Industrial production beats forecast

Industrial production climbed more than forecast in May, a sign gains in manufacturing are supporting growth as the U.S. economy picks up.

Output at factories, mines and utilities rose 0.6% after a revised 0.3% drop in April that was smaller than previously estimated, a report from the Federal Reserve showed today in Washington. The median forecast in a Bloomberg survey called for a 0.5% increase. Manufacturing, which makes up 75% of total production, also increased 0.6%.

Demand for industrial goods is improving as consumer and business spending strengthen and the economy rebounds from its worst performance in three years. Bigger gains in corporate investment and stronger growth in overseas markets will be needed to provide an additional lift for U.S. producers.

“Manufacturing activity is humming along at a fairly constructive pace,” said Tom Porcelli, chief U.S. economist at RBC Capital Markets LLC, who accurately forecast the production gain. “That’s something we expect will continue over the balance of the year.”

Stocks fell as intensifying unrest from Iraq to Ukraine overshadowed corporate deals. The Standard & Poor’s 500 Index (CME:SPM14) dropped 0.2% to 1,932.81 at 9:34 a.m. in New York.

Estimates of the 79 economists surveyed by Bloomberg ranged from a production drop of 0.1% to a 0.8% gain. The prior month was previously reported as a 0.6% decline.
 

Empire State
 

Another report today showed manufacturing unexpectedly picked up this month as orders jumped. The Federal Reserve Bank of New York’s factory index rose to 19.3 for June, the highest in four years, from 19 the prior month. Readings greater than zero signal growth for the so-called Empire State Index that covers New York, northern New Jersey and southern Connecticut.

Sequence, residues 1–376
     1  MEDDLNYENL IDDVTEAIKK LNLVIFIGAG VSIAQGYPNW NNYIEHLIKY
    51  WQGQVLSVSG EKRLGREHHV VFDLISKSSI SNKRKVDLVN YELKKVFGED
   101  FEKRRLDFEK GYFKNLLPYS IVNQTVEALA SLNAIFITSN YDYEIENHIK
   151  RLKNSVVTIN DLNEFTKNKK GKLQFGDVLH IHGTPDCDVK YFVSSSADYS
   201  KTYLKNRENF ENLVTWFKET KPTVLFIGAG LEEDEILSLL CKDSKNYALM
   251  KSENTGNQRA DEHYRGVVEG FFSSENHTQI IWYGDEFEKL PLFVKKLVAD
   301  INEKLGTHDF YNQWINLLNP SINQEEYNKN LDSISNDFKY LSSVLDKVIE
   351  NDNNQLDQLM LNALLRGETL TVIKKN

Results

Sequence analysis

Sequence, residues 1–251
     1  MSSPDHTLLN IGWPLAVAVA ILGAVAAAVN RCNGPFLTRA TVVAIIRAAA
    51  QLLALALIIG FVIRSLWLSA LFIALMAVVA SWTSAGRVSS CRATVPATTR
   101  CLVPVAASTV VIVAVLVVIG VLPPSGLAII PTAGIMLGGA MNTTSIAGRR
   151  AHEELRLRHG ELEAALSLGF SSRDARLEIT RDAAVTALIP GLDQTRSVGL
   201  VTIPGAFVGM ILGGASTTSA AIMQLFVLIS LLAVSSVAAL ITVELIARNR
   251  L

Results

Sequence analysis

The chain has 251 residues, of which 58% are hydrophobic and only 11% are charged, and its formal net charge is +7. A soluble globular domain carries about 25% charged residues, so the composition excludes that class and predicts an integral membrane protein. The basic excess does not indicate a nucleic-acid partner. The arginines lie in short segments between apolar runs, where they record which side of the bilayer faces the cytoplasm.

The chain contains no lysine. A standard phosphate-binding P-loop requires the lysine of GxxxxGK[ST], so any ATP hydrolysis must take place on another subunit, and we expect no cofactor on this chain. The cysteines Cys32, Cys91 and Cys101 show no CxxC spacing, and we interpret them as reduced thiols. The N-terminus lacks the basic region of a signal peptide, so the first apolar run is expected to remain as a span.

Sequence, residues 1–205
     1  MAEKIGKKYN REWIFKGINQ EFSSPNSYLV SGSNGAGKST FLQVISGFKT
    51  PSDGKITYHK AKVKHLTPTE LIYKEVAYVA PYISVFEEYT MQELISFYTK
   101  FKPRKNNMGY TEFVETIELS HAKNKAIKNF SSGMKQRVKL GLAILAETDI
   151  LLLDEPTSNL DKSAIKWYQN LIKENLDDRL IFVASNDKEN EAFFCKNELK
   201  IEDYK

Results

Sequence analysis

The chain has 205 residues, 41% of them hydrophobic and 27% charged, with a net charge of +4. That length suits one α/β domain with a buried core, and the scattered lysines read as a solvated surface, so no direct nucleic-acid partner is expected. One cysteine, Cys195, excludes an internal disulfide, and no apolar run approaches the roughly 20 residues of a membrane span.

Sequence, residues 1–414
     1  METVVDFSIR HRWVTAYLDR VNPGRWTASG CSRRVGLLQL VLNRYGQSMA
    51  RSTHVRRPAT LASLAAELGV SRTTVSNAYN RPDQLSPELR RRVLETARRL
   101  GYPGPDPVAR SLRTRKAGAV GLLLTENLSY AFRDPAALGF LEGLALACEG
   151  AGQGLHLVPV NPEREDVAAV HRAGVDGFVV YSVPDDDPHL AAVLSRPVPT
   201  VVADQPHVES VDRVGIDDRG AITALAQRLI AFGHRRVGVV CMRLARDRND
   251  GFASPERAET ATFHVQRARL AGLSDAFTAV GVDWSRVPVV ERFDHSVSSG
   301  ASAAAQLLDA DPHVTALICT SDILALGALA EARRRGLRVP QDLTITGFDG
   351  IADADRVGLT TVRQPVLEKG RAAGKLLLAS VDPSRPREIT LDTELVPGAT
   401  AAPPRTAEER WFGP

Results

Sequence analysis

Economists in the Bloomberg survey projected the Fed’s May industrial production report would show manufacturing, which accounts for about 12% of the U.S. economy, would rise 0.6%.

Today’s report is consistent with data from the Institute for Supply Management that showed manufacturing expanded last month at the fastest pace this year as American assembly-line workers responded to increased orders by cranking up production.

Utility output decreased 0.8% after falling 4.5% in April, today’s Fed report showed. Mining production, which includes oil drilling, climbed 1.3% last month.
 

Business Equipment
 

Business-equipment production increased 0.8% after a 0.1% gain in April. Output of construction materials rose 0.8% after falling 0.6%.

Consumer goods production advanced 0.1%, led by automobiles and appliances and furniture. Output of machinery increased 1.1% after dropping 0.5% in April.

The output of motor vehicles and parts rose 1.5% last month. Auto assemblies climbed to an 11.6 million annualized rate in May, the most this year.

Excluding autos and parts, manufacturing production rose 0.5%.

Gains at General Motors Co. and Ford Motor Co. helped propel a rise in the industry’s monthly annualized sales rate last month. Adjusted for seasonal trends, the sales pace rose to 16.7 million, the highest since February 2007, according to Ward’s Automotive Group.

Ford sees total industry sales for the year of up to 17 million units, including medium and heavy trucks, senior U.S. economist Emily Kolinski Morris said on a June 3 call to discuss May sales.
 

‘Positive Momentum’
 

“Recent readings on housing have improved slightly and the labor market continued its gradual recovery,” she said. “These incoming indicators coupled with the supportive policy backdrop should provide positive momentum for the economy in the current quarter and into the second half.”

Today’s Fed report also showed capacity utilization, which measures the amount of factories. Mines and utilities that are in use, increased to 79.1% in May from 78.9% the month before. For manufacturing alone, it rose to 77%, the highest since March 2008.

The economy may grow at a 3.5% annual clip in the second quarter after contracting at a 1% pace in the first three months of the year, according to a Bloomberg survey of economists. Gains in business and consumer spending will be needed to lift growth and spur employment after the world’s biggest economy was weighed down by harsh winter weather.

The International Monetary Fund today cut its growth forecast for the U.S. economy this year to 2% from an April estimate of 2.8% and d said the Fed may have scope to keep interest rates at zero for longer than investors expect.

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